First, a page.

· Serum iron level: Poisoning is indicated if this exceeds 150 mcg/100 ml, and serious toxicity is usually associated with levels beyond 500 to 600 mcg/100 ml. Peak levels are seen around 4 hours after ingestion. Measuring the total iron binding capacity and relating it to the serum iron level is often misleading and unreliable.
· Total leucocyte count (TLC), electrolytes, glucose, blood gas, clotting studies, liver function and renal function tests are useful estimates.
· Chelation challenge test: Desferrioxamine in a dose of 25 mg/kg (maximum 1 gm) is given IM. If the serum iron has exceeded iron binding capacity, the excess iron is chelated to desferrioxamine and the complex is excreted as a pinkish (vin rosé) colour in the urine (Fig 9.20). But a negative result does not rule out iron poisoning.
· Qualitative desferrioxamine colour test (QDCT): 2 ml of gastric fluid and 2 drops of 30% hydrogen peroxide are placed in 2 plastic tubes. 0.5 ml of solution of desferriox-amine (500 mg in 4 ml distilled water) is added into one tube and the resulting colour change is compared with the other tube (control). If the test is positive, an orange to red colour will develop in the tube in which desferrioxamine was added. The test must be done within 2 hours of inges-tion of iron.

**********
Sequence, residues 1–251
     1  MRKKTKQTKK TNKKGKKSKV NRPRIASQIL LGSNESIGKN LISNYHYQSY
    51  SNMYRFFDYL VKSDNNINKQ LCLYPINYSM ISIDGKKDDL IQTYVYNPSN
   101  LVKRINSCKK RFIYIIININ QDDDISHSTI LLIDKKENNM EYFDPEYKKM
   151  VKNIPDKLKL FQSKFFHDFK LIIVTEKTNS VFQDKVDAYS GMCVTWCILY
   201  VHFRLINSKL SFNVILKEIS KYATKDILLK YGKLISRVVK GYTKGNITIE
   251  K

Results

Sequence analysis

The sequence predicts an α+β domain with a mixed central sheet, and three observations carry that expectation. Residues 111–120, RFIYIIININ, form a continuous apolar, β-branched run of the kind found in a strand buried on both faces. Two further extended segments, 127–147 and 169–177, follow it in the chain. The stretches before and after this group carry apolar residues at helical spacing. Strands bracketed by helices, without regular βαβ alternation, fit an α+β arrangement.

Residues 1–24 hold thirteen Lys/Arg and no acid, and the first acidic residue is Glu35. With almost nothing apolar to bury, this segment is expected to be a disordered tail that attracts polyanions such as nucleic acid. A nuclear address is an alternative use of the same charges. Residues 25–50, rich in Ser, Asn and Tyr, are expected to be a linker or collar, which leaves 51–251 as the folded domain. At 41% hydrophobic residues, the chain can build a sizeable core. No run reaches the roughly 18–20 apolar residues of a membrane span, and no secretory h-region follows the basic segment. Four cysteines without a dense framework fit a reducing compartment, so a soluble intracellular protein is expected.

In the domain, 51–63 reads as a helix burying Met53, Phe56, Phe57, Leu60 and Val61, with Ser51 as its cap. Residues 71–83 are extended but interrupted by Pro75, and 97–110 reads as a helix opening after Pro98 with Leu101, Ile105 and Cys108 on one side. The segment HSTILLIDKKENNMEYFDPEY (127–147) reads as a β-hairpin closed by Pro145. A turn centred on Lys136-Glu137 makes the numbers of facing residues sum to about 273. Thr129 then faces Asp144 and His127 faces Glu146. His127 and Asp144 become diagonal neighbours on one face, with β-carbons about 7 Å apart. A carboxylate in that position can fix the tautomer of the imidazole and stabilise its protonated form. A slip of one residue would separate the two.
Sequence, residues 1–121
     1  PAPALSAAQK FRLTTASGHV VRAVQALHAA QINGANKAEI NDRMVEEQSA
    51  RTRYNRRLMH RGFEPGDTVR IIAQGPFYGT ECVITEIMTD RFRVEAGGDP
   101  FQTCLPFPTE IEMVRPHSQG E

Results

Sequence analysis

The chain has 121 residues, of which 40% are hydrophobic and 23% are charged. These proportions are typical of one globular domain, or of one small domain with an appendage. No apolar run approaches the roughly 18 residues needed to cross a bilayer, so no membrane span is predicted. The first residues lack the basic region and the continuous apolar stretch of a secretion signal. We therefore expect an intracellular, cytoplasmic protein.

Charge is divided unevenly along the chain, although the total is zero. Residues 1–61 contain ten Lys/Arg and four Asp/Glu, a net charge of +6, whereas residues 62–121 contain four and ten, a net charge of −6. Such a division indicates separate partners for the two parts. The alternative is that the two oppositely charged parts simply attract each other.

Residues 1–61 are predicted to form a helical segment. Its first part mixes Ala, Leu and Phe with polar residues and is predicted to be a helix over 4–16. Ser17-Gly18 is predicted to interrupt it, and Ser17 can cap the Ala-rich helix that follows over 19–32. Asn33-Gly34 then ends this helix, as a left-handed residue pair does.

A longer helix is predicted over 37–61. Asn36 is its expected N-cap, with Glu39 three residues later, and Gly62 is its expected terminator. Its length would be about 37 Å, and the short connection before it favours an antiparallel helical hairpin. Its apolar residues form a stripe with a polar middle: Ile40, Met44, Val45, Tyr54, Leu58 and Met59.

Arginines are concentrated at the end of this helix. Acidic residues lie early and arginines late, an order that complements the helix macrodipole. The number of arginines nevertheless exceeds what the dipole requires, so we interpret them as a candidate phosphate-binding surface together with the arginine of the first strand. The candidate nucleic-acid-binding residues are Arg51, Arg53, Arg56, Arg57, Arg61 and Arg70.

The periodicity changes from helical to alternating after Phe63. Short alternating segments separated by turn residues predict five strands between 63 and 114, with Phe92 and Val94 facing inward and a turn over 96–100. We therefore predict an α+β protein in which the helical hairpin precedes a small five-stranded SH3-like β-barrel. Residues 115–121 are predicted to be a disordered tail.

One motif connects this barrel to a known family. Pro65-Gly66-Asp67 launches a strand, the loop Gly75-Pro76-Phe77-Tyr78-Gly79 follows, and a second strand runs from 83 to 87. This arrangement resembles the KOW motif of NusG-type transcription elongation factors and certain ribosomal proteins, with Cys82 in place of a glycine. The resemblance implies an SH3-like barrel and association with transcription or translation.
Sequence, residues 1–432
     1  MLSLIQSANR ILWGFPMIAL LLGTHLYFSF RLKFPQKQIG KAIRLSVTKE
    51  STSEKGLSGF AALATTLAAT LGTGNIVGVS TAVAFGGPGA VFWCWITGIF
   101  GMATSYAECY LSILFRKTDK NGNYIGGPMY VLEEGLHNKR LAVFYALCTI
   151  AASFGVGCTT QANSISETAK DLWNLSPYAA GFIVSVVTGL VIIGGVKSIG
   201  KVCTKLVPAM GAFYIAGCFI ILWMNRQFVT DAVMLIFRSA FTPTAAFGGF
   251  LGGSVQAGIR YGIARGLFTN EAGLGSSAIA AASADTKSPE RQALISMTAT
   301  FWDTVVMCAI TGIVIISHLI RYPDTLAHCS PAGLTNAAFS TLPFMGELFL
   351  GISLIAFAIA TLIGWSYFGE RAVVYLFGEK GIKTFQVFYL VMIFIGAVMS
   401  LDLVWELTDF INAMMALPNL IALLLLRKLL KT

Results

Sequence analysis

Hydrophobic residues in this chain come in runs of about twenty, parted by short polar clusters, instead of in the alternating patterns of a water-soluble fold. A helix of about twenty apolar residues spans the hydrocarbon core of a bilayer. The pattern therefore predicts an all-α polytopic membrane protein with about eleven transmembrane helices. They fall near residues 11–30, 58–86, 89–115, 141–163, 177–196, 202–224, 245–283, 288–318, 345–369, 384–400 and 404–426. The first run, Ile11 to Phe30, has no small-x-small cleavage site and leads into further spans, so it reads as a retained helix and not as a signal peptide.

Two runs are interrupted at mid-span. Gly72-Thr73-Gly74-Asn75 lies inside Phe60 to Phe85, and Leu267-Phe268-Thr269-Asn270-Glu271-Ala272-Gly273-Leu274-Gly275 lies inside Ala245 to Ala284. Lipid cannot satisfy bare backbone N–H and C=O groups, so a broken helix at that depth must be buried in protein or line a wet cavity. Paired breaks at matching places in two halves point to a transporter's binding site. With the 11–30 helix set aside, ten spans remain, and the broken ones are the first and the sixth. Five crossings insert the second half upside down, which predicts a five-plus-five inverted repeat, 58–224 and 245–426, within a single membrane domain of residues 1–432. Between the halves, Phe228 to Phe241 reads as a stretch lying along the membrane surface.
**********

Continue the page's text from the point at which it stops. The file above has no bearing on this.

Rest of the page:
· Stomach wash with normal saline performed gently may be of benefit in massive ingestions. Desferrioxamine must not be used for lavage.
· Activated charcoal is ineffective.
· Magnesium hydroxide solution (1%) administered orally may help reduce absorption of iron by precipitating the calcium carbonate containing antacids may safely be used in therapeutic doses to help reduce iron absorption.